There’s nothing all that complicated about the Red Sox Opening Day roster.

Especially as it relates to Jackie Bradley Jr.

There are only two or three question marks remaining on the roster and while there could be some players sent back to the minor leagues or designated for assignment today, Bradley isn’t expected to be one of them. Nobody’s saying for sure yet, but it appears as if the decision to keep Bradley on the major league roster will wind up turning into one of the easier calls the Red Sox will have to make in the next couple of days.

The phenom himself is blissfully out of the loop.

“I don’t really know the chances, I don’t worry about it. I sleep well at night,” Bradley said after yesterday’s 5-1 loss to the Marlins. “They’re pretty good at keeping secrets, I’m telling you.”

Bradley had the audacity to only go 1-for-4 yesterday, which means he had to sleep on a .431 spring average last night, along with his team-leading 10 runs, 11 RBI, 31 total bases and the fact that he plays the three outfield positions with certainty, grace and poise.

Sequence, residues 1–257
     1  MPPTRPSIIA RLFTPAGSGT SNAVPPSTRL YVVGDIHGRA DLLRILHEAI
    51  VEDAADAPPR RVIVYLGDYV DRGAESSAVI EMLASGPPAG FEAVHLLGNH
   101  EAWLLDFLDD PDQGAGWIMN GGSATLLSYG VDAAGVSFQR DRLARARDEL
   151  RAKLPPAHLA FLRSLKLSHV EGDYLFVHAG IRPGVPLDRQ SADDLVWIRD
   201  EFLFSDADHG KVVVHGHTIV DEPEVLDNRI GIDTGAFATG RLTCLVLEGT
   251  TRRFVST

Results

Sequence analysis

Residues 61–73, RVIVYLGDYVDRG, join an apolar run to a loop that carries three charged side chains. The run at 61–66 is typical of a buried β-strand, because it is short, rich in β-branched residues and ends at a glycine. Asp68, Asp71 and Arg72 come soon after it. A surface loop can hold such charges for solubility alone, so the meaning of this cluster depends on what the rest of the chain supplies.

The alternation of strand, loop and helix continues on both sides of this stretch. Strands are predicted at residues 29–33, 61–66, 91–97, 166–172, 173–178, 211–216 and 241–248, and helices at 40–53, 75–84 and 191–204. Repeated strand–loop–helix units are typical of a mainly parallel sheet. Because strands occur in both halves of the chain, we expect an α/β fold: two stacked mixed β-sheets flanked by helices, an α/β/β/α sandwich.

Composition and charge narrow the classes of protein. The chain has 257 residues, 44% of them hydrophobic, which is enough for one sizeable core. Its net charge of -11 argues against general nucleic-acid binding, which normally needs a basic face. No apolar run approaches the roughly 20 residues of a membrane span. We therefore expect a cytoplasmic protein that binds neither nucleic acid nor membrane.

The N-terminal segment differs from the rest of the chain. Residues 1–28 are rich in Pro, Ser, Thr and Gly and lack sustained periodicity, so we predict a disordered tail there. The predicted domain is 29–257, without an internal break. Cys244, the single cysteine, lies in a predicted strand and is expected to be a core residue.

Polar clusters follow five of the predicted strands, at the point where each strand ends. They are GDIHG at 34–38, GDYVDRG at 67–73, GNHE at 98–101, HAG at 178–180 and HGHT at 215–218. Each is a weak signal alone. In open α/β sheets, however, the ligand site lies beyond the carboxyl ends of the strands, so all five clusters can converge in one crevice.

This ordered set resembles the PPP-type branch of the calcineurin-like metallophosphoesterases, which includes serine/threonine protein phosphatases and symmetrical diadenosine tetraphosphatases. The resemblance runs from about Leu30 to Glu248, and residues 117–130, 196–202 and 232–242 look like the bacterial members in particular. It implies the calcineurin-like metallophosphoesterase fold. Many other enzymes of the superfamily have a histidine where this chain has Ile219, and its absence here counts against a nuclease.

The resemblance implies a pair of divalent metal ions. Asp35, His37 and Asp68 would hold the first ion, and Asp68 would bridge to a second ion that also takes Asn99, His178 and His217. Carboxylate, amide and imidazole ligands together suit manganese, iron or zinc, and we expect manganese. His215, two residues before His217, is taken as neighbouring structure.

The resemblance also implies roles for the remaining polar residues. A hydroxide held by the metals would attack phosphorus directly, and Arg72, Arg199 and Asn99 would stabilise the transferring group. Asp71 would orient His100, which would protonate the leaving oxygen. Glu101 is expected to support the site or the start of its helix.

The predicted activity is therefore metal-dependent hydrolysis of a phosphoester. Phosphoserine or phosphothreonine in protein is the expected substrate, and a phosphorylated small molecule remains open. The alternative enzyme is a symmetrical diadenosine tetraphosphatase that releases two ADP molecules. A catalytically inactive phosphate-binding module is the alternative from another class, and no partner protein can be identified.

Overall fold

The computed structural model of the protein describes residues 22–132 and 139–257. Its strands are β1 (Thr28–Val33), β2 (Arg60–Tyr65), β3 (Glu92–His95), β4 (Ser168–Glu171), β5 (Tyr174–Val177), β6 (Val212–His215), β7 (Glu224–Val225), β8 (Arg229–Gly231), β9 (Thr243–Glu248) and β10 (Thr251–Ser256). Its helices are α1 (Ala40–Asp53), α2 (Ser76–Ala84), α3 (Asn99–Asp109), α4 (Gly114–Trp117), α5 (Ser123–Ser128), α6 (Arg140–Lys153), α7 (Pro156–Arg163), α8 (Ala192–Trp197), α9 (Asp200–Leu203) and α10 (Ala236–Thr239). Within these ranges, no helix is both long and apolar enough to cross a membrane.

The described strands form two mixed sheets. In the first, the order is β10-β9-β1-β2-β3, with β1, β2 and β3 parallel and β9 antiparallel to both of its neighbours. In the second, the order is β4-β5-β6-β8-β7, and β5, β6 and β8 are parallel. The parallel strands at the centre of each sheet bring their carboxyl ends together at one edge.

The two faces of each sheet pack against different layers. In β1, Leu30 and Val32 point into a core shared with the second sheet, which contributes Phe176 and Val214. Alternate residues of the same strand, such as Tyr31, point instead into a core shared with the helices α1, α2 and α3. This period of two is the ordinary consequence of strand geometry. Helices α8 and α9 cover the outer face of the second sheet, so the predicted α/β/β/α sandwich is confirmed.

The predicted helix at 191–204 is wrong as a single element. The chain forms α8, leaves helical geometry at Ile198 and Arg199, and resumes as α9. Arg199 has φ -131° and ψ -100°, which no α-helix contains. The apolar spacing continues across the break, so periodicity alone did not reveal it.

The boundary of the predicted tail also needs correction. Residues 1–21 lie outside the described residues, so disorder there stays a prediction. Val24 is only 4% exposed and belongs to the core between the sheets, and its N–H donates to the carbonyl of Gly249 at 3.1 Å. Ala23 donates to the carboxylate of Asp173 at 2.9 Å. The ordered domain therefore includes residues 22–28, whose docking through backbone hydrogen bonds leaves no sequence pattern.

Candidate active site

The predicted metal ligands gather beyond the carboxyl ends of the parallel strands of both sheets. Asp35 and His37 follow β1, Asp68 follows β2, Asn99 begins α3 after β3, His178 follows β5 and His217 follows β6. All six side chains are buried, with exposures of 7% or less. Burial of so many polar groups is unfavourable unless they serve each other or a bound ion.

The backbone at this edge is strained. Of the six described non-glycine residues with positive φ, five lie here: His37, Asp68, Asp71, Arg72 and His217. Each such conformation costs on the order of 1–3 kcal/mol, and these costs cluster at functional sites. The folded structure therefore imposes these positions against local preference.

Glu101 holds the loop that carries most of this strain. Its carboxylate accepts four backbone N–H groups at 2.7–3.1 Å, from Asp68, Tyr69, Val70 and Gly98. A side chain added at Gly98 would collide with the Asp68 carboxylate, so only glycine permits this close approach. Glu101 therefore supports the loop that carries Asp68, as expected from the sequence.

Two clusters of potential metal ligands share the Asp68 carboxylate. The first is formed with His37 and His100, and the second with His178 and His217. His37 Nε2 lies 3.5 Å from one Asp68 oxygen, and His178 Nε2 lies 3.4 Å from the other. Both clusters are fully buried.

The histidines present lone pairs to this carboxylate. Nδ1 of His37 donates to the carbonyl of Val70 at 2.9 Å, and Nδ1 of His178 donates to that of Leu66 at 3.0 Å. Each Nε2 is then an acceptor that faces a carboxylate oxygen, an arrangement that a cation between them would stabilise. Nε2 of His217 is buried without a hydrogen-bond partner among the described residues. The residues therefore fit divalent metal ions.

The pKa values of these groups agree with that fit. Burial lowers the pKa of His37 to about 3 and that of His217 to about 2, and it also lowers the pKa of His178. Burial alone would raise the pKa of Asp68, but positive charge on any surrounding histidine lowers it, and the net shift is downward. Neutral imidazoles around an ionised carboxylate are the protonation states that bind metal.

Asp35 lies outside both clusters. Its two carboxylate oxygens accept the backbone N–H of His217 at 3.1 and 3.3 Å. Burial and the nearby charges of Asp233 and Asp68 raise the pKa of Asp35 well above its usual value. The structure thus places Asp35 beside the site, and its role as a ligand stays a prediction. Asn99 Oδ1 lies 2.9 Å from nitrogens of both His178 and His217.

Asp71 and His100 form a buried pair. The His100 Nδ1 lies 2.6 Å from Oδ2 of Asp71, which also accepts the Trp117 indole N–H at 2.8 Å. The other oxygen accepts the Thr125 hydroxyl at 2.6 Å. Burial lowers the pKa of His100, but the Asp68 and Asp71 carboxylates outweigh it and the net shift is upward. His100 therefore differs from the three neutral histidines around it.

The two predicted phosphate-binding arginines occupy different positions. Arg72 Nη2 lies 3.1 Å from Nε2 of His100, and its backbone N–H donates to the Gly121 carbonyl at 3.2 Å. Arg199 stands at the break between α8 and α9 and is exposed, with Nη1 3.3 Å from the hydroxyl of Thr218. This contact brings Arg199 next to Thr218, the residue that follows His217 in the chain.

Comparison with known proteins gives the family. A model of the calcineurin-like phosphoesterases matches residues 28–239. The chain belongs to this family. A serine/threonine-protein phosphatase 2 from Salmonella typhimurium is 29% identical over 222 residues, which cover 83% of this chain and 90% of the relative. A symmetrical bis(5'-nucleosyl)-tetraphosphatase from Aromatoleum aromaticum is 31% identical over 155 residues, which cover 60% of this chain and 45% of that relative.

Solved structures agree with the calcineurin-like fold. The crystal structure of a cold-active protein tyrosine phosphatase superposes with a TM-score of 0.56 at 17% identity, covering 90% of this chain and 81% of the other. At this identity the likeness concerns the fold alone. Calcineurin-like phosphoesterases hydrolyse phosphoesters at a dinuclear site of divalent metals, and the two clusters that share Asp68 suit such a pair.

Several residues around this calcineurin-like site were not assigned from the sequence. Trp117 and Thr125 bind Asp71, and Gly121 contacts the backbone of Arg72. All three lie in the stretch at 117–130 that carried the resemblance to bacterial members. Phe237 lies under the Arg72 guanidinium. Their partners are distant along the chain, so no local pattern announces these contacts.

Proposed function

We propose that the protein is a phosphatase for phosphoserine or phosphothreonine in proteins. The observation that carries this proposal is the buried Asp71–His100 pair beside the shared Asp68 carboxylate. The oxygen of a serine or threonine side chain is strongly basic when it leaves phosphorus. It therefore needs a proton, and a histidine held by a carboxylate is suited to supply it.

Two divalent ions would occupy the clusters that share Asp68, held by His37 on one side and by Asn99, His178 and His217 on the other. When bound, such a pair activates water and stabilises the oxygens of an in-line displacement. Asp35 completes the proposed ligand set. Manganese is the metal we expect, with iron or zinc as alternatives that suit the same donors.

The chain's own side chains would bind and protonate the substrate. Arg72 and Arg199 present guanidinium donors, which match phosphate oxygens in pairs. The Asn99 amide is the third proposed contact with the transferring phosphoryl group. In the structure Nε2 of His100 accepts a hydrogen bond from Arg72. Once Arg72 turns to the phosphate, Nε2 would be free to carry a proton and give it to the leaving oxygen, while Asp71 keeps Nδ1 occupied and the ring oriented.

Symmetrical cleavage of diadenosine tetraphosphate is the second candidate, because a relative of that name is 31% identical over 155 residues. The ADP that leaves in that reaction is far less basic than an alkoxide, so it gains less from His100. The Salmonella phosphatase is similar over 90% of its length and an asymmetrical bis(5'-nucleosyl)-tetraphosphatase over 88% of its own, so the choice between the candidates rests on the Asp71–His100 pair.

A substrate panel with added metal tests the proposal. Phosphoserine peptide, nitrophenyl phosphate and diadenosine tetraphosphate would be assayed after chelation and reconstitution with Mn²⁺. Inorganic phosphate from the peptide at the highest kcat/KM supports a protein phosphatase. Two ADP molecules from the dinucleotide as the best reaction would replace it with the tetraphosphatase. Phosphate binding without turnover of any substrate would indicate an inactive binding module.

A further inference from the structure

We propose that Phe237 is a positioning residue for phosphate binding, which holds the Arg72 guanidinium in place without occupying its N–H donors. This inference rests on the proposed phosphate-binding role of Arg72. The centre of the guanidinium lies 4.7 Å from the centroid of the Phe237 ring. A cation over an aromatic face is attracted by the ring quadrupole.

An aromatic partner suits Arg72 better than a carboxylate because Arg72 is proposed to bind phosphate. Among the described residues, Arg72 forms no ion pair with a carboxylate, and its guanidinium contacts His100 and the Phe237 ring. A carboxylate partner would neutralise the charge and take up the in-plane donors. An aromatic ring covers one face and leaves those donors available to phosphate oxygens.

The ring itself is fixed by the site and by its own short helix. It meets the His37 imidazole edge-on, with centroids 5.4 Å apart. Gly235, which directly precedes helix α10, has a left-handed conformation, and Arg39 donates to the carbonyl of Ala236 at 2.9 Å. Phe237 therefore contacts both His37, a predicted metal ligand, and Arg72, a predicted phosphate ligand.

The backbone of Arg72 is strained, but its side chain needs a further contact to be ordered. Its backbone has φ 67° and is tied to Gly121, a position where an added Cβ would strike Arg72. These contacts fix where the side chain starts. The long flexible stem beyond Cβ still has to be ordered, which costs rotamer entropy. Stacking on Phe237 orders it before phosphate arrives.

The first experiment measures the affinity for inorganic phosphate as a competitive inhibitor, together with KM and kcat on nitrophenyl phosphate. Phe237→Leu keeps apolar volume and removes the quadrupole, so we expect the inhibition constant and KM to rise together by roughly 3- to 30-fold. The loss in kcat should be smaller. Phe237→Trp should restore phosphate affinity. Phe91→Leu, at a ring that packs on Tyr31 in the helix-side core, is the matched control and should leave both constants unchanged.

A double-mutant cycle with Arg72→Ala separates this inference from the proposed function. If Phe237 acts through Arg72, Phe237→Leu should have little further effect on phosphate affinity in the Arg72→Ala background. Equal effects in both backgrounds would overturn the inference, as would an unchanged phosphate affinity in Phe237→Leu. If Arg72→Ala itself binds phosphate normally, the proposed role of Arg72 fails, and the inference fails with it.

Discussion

No wonder Bradley isn’t sweating the details.

“I’ve never been the type to stress over anything,” Bradley said. “If you can’t control it, there’s no need to let it affect you.”

He then made himself clearer.

“Stress,” he said, “is just a perceived outcome.”

The perception that Bradley has made this team is virtually impossible to dispute. A big part of that has to do with David Ortiz being out of the picture for a couple of weeks, but Bradley keeps earning every bit of praise that is being heaped upon him. Signs are everywhere, just as it is clear that the Red Sox will not stress over the logistics of worrying about Bradley accruing an official year of major league service time so that his free agency clock begins a year earlier (in 2018) than it would otherwise. The Red Sox are as good as any team in managing their roster for the greater good and there is no reason to think they will not be able to finesse this one.

Bradley, who has only 229 at-bats at the Double-A level and just 499 in his two years with the Red Sox, understands that he is playing with house money at this point. The Sox are coming off of two bad seasons and clearly need the jolt and electricity that Bradley’s fundamentally sound approach to baseball produces.